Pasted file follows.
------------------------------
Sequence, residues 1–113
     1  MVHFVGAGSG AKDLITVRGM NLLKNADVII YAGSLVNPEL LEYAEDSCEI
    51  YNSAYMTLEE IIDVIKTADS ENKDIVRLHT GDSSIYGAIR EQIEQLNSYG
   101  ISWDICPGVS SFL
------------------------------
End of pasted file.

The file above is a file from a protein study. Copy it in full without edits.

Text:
Sequence, residues 1–113
     1  MVHFVGAGSG AKDLITVRGM NLLKNADVII YAGSLVNPEL LEYAEDSCEI
    51  YNSAYMTLEE IIDVIKTADS ENKDIVRLHT GDSSIYGAIR EQIEQLNSYG
   101  ISWDICPGVS SFL